Sunday, September 25, 2011

South to North Information Flows

The role of the media in ethnic communities has changed in immense ways. Karim Karim talks about diaspora communities and the results of globalization for them. Because the world is expanding and linking in so many new ways, and most importantly because of technological advances, displaced communities are able to stay connected to their home nations.

One of the things Karim mentions is that most media and communication follows a North to South flow, meaning that media from developed nations like the U.S. and Western Europe reaches developing nations. But news from the South reaches the North in much smaller numbers. I personally think it’s interesting though that Karim talks a lot about diaspora media, but he doesn’t alter or change his statement that information flows are mostly North to South. I think the whole concept of diaspora media proves that information flows can also be South to North, even if it is on a smaller scale. For instance, when news from Brazil reaches a diaspora community in the U.S., that is South to North flow.

This reminds me so much of my home in Arizona. I’m not sure if this qualifies as a diaspora, but it is the ultimate short South to North trip. I’m talking about the Mexican- American community in Arizona. In some places, you can hardly consider it a displaced community. In Nogales, Arizona, you can see Nogales, Mexico from many peoples’ backyards. But they are still a people who have left their home country and live together in communities. Often, they keep their Spanish language and Mexican food, customs, holidays and religious traditions. Because this diaspora community is so close to its original home, the information flow is large and influential. There are Spanish language newspapers, many Spanish language TV stations, Spanish billboards and advertising and phone plans offering cheap international communication between the U.S. and Mexico.  I think this shows that South to North flows can and do exist.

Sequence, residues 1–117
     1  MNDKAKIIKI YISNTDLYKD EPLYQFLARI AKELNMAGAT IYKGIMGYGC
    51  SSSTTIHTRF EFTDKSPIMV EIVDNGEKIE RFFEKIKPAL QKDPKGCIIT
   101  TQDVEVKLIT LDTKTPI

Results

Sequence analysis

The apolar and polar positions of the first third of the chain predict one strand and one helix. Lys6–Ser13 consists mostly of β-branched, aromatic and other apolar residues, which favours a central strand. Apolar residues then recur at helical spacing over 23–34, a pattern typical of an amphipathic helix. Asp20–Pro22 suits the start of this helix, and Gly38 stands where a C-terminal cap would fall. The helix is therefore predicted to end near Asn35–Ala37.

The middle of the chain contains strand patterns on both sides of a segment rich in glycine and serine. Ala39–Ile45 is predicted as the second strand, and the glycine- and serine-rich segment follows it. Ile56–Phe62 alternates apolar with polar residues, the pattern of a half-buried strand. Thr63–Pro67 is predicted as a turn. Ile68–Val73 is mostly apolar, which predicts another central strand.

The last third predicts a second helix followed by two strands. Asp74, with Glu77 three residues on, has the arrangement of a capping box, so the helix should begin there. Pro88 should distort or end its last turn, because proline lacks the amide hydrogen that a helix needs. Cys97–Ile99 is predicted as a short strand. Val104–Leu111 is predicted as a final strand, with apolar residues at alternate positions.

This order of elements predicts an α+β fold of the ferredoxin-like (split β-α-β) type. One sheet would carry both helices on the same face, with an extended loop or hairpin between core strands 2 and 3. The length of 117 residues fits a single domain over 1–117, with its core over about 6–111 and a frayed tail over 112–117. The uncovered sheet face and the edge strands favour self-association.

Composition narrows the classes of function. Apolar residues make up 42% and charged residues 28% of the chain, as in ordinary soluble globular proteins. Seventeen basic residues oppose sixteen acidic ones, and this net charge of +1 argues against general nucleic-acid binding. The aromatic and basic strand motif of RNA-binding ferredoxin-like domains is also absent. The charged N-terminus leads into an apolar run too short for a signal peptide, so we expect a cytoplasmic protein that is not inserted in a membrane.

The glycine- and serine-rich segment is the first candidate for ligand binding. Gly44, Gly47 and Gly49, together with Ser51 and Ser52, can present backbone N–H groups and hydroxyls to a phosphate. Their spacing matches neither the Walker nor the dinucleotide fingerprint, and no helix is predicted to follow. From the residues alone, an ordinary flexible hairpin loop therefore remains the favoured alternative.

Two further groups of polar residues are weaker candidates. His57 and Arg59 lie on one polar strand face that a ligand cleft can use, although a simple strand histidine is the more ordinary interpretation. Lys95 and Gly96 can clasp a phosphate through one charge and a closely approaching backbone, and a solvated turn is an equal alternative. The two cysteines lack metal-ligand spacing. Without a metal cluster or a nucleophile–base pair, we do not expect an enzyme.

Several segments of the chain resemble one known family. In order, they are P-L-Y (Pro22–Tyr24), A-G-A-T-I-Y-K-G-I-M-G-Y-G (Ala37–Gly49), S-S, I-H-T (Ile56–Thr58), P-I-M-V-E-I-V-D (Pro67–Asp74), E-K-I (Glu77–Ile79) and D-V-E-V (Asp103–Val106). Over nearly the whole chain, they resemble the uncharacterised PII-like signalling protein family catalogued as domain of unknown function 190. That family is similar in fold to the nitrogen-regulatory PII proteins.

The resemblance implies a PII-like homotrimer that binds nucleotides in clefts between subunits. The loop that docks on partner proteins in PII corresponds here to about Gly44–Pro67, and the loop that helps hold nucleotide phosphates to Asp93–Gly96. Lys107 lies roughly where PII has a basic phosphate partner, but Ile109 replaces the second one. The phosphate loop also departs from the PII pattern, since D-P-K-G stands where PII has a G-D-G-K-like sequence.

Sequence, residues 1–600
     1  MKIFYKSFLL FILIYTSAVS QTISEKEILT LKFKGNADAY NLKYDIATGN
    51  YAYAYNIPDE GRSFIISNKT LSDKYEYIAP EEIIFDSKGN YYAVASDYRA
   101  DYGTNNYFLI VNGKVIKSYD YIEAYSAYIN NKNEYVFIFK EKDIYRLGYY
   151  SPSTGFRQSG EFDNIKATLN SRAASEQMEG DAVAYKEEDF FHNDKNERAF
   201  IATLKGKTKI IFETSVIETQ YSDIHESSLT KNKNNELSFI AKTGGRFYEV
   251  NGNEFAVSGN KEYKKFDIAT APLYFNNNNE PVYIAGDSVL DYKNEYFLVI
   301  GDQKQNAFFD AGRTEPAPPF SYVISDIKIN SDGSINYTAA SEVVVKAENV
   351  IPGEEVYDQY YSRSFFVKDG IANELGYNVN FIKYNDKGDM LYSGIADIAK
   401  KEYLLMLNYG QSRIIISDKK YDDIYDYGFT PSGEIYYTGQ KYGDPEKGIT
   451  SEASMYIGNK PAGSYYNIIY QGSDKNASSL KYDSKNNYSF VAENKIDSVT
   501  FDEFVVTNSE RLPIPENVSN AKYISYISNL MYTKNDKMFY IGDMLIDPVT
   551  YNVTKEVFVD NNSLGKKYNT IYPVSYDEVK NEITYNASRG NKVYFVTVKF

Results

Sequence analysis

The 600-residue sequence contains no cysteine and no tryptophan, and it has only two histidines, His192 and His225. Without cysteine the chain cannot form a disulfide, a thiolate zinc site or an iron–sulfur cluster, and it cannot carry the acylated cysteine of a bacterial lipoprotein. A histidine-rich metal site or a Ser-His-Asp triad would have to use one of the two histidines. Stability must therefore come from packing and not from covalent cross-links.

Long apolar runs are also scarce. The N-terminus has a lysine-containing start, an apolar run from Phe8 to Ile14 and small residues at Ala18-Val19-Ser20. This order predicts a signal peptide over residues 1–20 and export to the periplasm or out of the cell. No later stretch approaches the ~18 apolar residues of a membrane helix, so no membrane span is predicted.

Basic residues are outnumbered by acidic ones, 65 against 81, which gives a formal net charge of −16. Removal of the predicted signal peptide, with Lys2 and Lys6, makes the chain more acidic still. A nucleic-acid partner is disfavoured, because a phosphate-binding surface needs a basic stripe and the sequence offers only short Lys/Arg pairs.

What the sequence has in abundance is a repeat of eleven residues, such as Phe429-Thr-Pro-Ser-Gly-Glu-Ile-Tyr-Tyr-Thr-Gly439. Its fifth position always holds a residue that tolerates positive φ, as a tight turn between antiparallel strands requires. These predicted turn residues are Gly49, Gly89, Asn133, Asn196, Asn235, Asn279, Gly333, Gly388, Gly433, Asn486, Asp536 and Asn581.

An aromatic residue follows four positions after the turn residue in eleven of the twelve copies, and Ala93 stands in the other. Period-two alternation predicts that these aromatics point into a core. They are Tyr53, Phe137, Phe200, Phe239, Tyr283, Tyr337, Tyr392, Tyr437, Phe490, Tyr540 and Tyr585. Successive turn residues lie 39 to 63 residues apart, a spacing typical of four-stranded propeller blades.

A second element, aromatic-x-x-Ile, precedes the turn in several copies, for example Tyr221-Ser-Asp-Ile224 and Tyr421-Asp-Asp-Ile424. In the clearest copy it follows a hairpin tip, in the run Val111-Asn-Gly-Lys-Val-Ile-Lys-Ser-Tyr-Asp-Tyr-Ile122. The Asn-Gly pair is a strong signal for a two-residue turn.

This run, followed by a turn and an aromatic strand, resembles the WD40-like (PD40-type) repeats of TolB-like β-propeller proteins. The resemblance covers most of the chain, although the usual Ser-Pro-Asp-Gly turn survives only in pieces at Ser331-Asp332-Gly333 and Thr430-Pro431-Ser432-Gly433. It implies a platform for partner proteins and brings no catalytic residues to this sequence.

I actually learned about a similar example that is closer to D.C. just today. There is a theater in Adams Morgan called the Ontario. It started as a high-end movie theater in the 1950s, but when the neighborhood started changing and was affected by the riots after the death of MLK Jr., its patrons stopped coming. For a while, it failed, but eventually they started playing Spanish language films there and it filled up again. This is another example of South to North diaspora media flow.

I am quite possibly understanding it wrong, but I feel like two of Karim’s theses are contradicting. He discusses the abundance of diaspora media, but still believes that media flow is almost exclusively North to South. 

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